In a case of “throwing their toys out of the pram”, Ryanair is to close its base at Frankfurt-am-Main Airport and suspend operations to the airport.
As such Ryanair will suspend and cancel all routes from 31st March 2022. The aircraft will be reallocated from Frankfurt-am-Main (five in total) to other airports that have according to the airline ” responded with lower airport charges to stimulate traffic recovery.”
Ryanair goes on to moan about incentives and subsidies – and lack of, thereafter.
In a post Covid recovery phase, airports must incentivise traffic recovery, unfortunately Frankfurt instead of providing traffic recovery incentives, has chosen to increase prices even further, making Frankfurt uncompetitive with European airports. While Ryanair continues to invest in Germany (as evidenced by a $200m investment in a new two aircraft Nuremberg base), the German Govt continues to protect legacy carriers, such as Lufthansa who have soaked up €9bn in State aid rather than introduce non-discriminatory traffic recovery schemes open to all airlines.
Crews have been notified of the base closure at the end of March, with the airline offering them alternative positions within the Ryanair network.
With the flights cancelled in and out of Frankfurt-am-Main, all passengers impacted by these flight cancellations will receive notifications and refunds over the coming days.
Ryanair’s Director of Commercial Jason McGuinness said:
“We are disappointed to announce the closure of our Frankfurt am Main base at the end of March 2022, but we have no alternative in response to a decision from the Airport to increase its airport fees, despite the collapse in traffic caused by the Covid-19 pandemic.
While Ryanair continues to invest in German airports who understand the requirement to lower airport charges to recover traffic, competition in the German market has been massively distorted by the €9bn of State aid that was pumped into Lufthansa, who continues to cut its fleet, connections, and jobs.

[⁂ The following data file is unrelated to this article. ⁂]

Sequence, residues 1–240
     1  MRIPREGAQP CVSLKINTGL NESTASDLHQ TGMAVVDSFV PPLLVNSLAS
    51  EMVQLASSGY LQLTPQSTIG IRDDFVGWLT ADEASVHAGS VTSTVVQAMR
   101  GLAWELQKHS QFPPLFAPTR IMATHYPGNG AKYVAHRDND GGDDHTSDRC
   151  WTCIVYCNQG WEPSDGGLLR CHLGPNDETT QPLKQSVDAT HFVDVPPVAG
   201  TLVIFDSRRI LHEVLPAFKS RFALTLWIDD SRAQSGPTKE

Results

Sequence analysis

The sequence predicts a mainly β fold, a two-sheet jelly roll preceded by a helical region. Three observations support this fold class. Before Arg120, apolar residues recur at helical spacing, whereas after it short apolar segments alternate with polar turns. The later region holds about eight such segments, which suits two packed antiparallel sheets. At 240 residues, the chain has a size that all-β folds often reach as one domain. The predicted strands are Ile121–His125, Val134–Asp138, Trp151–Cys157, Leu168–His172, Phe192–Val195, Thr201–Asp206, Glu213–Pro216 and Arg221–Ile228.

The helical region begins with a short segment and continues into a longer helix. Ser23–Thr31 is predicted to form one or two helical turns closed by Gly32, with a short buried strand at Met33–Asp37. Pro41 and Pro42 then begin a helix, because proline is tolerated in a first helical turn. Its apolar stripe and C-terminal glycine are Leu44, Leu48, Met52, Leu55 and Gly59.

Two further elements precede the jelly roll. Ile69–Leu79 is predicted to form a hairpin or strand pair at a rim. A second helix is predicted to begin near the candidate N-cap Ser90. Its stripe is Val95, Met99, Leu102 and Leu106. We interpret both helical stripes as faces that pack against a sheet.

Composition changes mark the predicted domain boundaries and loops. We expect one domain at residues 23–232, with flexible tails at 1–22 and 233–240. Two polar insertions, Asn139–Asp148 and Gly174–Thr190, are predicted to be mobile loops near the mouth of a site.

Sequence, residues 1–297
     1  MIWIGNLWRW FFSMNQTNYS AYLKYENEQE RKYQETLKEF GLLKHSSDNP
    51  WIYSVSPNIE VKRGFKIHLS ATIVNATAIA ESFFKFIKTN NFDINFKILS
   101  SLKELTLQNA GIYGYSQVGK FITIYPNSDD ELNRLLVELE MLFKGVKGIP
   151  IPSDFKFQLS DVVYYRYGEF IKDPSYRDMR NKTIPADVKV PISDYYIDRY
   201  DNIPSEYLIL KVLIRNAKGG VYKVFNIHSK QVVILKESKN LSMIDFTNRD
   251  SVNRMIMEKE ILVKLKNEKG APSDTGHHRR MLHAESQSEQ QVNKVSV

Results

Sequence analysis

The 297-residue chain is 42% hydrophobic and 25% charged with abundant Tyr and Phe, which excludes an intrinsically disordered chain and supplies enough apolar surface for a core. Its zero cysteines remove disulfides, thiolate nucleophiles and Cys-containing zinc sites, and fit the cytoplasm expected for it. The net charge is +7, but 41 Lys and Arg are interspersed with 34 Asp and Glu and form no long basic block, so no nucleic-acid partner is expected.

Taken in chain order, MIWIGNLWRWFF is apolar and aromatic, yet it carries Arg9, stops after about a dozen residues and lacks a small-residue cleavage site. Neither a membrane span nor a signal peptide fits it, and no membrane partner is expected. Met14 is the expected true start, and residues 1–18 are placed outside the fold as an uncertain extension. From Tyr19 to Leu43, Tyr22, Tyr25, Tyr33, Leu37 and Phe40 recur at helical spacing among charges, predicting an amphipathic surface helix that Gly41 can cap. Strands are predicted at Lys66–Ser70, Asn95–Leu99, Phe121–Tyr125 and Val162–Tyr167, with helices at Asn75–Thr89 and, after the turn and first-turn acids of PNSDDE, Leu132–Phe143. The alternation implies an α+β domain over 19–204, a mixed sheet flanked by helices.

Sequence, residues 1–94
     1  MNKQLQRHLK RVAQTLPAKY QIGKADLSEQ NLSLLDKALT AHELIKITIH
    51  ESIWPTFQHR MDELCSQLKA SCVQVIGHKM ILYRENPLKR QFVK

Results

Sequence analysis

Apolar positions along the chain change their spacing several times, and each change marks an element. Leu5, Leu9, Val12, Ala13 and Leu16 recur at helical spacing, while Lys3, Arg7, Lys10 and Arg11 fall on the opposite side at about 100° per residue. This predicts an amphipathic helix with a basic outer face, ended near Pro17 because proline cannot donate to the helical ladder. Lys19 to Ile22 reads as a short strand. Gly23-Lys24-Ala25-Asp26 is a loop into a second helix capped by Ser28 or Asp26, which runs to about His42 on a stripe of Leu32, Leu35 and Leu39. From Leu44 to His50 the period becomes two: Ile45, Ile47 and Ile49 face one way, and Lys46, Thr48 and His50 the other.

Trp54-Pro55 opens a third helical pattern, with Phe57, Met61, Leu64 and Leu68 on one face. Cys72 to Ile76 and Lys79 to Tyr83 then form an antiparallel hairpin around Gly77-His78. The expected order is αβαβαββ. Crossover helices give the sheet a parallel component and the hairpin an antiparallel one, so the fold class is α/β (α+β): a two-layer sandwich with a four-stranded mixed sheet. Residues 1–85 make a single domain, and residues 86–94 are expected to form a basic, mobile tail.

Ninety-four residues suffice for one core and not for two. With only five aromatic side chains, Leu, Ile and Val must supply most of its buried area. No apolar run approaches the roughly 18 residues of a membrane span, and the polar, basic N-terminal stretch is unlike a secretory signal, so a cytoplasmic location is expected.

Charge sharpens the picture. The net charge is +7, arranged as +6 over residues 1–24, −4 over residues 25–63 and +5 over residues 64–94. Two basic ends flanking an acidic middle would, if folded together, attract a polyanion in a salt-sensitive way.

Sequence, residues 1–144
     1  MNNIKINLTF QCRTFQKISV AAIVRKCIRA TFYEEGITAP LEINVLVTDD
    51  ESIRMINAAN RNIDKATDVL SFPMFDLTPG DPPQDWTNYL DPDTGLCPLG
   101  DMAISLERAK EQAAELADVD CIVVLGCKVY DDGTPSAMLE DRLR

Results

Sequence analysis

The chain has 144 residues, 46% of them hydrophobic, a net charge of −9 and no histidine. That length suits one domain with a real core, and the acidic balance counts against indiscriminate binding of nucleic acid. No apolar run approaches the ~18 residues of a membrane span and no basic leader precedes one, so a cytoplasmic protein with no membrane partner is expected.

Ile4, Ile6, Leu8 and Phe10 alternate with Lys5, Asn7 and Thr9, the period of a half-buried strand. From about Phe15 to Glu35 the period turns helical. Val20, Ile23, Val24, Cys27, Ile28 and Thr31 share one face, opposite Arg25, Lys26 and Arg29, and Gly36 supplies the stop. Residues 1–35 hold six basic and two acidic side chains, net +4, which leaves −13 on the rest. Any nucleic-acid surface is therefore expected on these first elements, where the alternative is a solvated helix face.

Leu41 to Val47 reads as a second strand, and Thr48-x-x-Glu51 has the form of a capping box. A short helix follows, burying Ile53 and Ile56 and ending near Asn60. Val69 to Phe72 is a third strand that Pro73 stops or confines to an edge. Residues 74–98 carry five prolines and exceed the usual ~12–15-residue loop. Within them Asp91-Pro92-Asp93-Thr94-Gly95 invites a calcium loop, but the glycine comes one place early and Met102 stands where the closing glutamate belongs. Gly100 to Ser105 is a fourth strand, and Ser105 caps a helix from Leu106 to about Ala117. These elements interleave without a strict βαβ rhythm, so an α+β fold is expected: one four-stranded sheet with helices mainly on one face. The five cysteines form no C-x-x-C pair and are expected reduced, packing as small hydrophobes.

Efficient operations and competitive airport fees provide the foundation from which Ryanair can deliver long-term traffic growth and increased connectivity for airports and regions. This is impossible at Frankfurt following the German Government’s decision to increase its passenger taxes, and the Airport’s decision to increase its already high and uncompetitive fees.
Ryanair continues to successfully negotiate the long-term low costs required from airports to underpin Ryanair’s industry leading low fares, which is driving Ryanair’s recovery and leading Europe’s post-Covid recovery.”
I’ve missed a good “toys being thrown out of their pram whine” by Ryanair. Haven’t you?
Seriously, I’ve missed Ryanair throwing its toys out of its pram in its drive to lower costs to itself, whilst trying to pass on the costs elsewhere on the supply chain.
It’s always struck me as odd that Ryanair would serve Frankfurt directly (with business customers being a major draw I suppose), compared to its normal home of “Frankfurt-Hann” some 120 kilometres (75 miles) away by road.
The airline is comparatively new to Frankfurt – with it serving the airport since 2017.
However, it seems that operations at Frankfurt-am-Main Airport are not sustainable for the airline, without additional aid.
And when every penny counts for an Ultra-Low-Cost Airline like Ryanair – expect the toys to be flung out when they don’t get their way.
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